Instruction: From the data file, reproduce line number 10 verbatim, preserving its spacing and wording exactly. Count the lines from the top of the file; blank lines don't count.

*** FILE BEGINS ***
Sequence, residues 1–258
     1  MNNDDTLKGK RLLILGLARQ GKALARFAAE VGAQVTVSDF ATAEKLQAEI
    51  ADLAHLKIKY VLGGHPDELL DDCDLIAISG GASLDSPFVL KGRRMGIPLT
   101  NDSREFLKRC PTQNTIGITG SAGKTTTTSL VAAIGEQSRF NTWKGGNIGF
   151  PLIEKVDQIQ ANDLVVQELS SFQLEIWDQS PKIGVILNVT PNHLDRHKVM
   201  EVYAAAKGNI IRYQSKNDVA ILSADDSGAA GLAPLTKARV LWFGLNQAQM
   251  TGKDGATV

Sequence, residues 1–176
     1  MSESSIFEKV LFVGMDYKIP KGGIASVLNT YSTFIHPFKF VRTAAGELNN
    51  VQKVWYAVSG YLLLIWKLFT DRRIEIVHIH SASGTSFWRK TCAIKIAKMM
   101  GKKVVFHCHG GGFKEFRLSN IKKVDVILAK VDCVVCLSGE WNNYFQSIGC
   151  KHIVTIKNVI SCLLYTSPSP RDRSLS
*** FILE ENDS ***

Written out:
    51  VQKVWYAVSG YLLLIWKLFT DRRIEIVHIH SASGTSFWRK TCAIKIAKMM